EH: My first impulse is to laugh and explain that I have no idea how the universe works except that it seems to require surrender at every point. We control so little, really. My second impulse is to tell you a story about how deeply I listened to a writer and mentor, Richard Peabody, and how that seemingly passive action led me to a wonderful agent and then a publisher.

Toward the very end of his novel seminar, Richard talks about the critical elements of a cover letter, the sort of cover letter that will pique an agent’s curiosity, despite the endless piles of queries she receives. “You have to describe your novel in one sentence,” Richard insisted. The students in the class pushed back. He answered their questions, but he stuck to his point and went on to elaborate on other, rather counter-intuitive aspects of the cover letter.

The following week, everyone came to class with their draft cover letters, the focus of that last class discussion. All of the letters were two- and three-page descriptions of plot or writing process, long explanations about the writer’s heart-felt devotion to the beloved manuscript. On some level, conscious or unconscious, the students seemed to feel that they knew more about the industry, about the culture of agents and publishers and writers, than Richard did.

Me? I took him quite literally—in large part because I have spent so many years teaching writing and observing the energy students often misspend in resisting instruction, even when that resistance is not conscious. I struggled all week and finally boiIed my novel down to one sentence, the opening sentence of my cover letter: “The Death of Fidel Pérez is a tale told by Che Guevara and overheard by Italo Calvino.”

I sent out my first batch of ten cover letters to New York agents interested in literary fiction and got an 80 percent return, which is outrageous. One of those responses led me to an extraordinary agent at Don Congdon Associates, Katie Grimm.

And having spoken to Katie, I remembered something else Richard said during our seminar. It was almost a throw-away, a casual bit of advice tossed like a message in a bottle: “Get an agent who genuinely believes in your work.” Katie pitched my novel for a full year with exactly the same enthusiasm, intelligence, and work ethic that she demonstrated the first month we worked together. She found Unbridled Books and Fred Ramey, another extraordinary professional.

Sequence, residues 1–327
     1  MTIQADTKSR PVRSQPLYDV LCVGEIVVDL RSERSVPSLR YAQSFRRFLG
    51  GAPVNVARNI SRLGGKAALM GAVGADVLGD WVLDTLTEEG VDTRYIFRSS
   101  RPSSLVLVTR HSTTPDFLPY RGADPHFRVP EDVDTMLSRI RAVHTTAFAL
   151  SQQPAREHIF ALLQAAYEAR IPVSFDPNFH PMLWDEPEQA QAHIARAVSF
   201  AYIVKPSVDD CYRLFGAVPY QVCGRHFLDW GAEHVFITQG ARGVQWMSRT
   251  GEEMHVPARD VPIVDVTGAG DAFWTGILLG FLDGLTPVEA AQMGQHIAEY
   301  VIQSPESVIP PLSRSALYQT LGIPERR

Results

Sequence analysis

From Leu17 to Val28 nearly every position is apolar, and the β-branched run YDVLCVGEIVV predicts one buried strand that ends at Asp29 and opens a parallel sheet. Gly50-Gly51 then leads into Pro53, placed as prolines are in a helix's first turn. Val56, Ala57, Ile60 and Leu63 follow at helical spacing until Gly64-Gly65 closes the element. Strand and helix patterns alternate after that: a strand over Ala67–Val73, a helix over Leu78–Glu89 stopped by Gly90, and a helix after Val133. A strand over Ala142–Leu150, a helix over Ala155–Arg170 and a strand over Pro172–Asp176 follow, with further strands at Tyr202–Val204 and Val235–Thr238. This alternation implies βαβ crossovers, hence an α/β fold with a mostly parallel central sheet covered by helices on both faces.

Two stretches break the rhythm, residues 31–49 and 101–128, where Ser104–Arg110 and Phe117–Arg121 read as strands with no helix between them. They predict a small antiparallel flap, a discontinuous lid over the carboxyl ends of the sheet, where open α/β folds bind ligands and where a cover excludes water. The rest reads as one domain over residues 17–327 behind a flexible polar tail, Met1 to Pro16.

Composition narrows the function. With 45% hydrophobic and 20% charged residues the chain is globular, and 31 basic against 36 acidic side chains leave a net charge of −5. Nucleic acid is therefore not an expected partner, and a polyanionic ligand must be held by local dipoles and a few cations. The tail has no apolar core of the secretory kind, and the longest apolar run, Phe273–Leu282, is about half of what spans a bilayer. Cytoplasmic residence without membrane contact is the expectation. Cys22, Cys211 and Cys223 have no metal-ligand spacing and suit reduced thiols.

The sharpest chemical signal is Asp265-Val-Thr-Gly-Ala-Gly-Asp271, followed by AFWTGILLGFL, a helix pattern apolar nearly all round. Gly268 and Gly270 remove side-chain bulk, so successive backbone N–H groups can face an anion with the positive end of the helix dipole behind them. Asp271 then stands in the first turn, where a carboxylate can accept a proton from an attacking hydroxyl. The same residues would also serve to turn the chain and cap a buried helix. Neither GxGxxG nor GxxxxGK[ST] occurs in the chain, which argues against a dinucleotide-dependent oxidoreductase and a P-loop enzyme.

So, as in The Life of Pi, you have to decide which story you prefer: the spiritual or the rational? I prefer the spiritual one, the story that lies suspended across invisible corners, a vibrating nexus of causes and effects that insist on the essential mystery of life.

VP: I'm sure your readers will be curious what you're working on next. Can you share with us your current project?

EH: I’m almost done with my second novel, Between Ana and Ella, which is a contemporary version of The Grapes of Wrath.

Jennifer Spiegel: Two Books in One Year, Not Bad for a Beginner

Out of the blue, author Jennifer Spiegel wrote to me and said that she had pitched to interview with me to The Nervous Breakdown and they had agreed! What a great way to make a new friend. Jennifer was already doing something incredibly nice and generous in my direction, which turns out to be par for the course for her. When I mentioned what she had offered to do for me, author David Abrams said he wasn't a bit surprised: “Jennifer’s like that. She’s good people,” he said. And now that I've met her at the AWP Writers Conference in Boston I know more than ever that he’s right. We enjoyed a tasty lunch together in which we discovered that our paths to publication had been similiarly long and circuitous. But when Jennnifer finally broke through to book publication, she did so with gusto: she had two books of fiction, not one, come out in 2012!

She’s a terrific writer. I loved her novel Love Slave, the story of a young woman in New York City in the early 1990s. Music, dating, work-life, the bar scene, and a genuinely sympathetic heroine—it all rings true in this wonderful novel, and I should know because, like Jennifer, I lived in NYC at that time. The Freak Chronicles, which I am starting to read and enjoy now, is a collection of stories that explores the question of what makes a person a freak. These stories show that there’s a fine line between the ordinary and the extraordinary.

I liked Jennifer so much and would happily read her writing on any subject. But, in particular, I wanted her to share with us at 4 and 20  her interesting path to publication, and the surprising year of twin book launches!

VP: You have had a remarkable year with two books coming out within months of each other. Can you explain how you came to such an abundance?

Who knows how these things happen? I can tell you this right now: I’m no prodigy or someone who wrote a book on a whim and it turned out to be something magical. Rather, I wrote for a million years, took other jobs, got an MFA, had babies, even gave up briefly, and then lost Dzanc Book’s short story collection contest. Amazing, Dan Wickett of Dzanc called me to tell me, in 2009, that I lost their contest but they still wanted to publish The Freak 2012. If I were interested. I was.